During the 2018 AGM, it was suggested that we should survey neighbourhood greens and pitches. I am doing some of my local green areas including Uckfield Rugby Club. This is a splendid community facility that is sandwiched between the estate where I live and the River Uck. It also borders onto ancient woodland. Before the playing fields were created, just over 50 years ago, it was a hop field.
It is suggested that woodland edge is important for all sorts of species. The boundary of the rugby field is, in effect, a man-made woodland edge. On my April visit, while surveying the un-mown strip at the edge by the ancient woodland, I found bluebells, wood anemones and a variety of trees and shrubs. While studying these I noticed birds, including a pair of green woodpeckers, moving between the woodland trees and the grass.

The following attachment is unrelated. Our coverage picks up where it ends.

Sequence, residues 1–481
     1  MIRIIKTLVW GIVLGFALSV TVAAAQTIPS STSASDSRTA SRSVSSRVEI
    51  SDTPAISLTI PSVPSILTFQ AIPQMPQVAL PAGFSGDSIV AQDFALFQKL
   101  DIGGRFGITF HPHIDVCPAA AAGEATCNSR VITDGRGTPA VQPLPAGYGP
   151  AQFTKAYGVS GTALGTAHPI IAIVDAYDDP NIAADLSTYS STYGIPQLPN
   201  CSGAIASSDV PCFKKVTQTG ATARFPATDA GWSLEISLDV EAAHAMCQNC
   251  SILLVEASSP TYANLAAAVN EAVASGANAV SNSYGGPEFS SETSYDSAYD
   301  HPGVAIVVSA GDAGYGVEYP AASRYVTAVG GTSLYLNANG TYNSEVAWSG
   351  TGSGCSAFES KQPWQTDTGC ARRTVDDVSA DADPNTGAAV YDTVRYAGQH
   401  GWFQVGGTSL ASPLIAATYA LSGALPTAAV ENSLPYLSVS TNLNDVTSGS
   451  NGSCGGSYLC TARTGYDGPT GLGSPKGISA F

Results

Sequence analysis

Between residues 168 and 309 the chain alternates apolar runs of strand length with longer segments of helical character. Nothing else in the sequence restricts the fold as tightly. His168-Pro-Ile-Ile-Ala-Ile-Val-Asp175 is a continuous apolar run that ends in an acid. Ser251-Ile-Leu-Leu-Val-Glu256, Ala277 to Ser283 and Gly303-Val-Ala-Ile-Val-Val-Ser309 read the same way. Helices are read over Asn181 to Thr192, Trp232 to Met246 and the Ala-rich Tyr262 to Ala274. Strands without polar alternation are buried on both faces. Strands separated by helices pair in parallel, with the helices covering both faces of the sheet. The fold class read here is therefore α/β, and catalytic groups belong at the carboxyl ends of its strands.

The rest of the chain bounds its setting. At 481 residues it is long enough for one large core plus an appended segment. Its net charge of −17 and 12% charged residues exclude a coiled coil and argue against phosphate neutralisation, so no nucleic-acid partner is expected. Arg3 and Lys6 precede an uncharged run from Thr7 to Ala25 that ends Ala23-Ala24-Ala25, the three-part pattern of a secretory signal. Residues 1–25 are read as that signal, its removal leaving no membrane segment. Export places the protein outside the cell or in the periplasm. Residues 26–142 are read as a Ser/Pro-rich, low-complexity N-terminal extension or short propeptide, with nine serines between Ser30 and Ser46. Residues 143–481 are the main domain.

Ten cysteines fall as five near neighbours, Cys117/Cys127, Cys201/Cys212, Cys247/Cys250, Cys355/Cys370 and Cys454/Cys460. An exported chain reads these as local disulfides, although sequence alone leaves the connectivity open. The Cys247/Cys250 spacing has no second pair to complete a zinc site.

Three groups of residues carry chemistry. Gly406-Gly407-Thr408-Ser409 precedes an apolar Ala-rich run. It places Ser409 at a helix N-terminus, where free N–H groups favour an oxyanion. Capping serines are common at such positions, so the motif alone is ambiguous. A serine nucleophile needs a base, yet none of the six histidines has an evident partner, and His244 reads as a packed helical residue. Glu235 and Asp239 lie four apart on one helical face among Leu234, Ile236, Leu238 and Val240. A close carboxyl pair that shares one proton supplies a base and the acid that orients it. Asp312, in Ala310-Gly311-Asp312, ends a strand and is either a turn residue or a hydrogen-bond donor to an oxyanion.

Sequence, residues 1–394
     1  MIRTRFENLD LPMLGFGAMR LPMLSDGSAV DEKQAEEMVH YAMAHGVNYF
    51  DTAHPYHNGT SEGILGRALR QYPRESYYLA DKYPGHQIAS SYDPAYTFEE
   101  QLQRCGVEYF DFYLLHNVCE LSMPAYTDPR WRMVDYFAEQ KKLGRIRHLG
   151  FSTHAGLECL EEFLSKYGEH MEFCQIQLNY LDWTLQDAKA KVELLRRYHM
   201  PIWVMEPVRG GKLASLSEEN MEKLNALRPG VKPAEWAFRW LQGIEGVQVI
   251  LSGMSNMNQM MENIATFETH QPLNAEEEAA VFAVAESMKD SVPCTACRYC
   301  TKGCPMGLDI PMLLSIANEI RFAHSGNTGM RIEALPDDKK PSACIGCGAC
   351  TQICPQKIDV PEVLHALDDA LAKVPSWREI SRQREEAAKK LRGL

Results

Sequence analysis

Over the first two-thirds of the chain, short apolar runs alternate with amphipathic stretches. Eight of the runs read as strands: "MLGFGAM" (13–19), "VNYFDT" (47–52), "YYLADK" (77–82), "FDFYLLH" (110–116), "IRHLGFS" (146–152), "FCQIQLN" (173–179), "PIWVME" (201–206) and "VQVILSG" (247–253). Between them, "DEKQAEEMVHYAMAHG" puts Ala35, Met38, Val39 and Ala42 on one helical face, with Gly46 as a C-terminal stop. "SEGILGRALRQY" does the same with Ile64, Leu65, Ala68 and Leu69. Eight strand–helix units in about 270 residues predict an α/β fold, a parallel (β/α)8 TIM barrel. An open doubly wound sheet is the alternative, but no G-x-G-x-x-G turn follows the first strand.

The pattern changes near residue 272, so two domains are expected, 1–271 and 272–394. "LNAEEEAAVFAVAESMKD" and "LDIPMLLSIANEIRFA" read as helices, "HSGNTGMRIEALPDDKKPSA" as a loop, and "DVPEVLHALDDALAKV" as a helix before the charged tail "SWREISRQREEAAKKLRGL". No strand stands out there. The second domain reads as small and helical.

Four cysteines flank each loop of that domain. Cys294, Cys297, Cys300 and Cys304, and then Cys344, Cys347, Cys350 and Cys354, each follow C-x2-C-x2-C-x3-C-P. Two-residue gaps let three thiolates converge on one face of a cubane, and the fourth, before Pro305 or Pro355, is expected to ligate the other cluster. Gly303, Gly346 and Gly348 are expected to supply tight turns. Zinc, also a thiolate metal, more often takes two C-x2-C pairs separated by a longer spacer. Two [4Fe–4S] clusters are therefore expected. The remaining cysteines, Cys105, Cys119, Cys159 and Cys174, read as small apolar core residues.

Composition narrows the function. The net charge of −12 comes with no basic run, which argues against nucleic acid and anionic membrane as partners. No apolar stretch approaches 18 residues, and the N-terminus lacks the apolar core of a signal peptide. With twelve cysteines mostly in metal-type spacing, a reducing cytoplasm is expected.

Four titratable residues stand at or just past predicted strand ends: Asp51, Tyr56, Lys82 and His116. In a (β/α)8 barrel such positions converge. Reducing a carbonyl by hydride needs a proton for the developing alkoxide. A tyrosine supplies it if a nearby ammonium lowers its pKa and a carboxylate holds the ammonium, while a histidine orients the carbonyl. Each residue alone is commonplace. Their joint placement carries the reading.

In July there were some very attractive grasses that, left to grow undisturbed, were nearly as tall as I am. My favourite was Schedonorus giganteus (Giant Fescue) with its black “knees and ears”. However, it was on a heap of soil, trodden into a miniature hill and partly grown over, that I encountered something a bit more surprising. I found a pretty little grass with a very fluffy head. Having scoured my books and keys, I decided it was Polypogon monspeliensis (Annual Beard Grass). I looked it up in my lovely new Flora of Sussex … and … oh dear. No sign of it near Uckfield. However, when I checked the ID in the Facebook group it was OK, so into the spreadsheet and off to Matthew it went.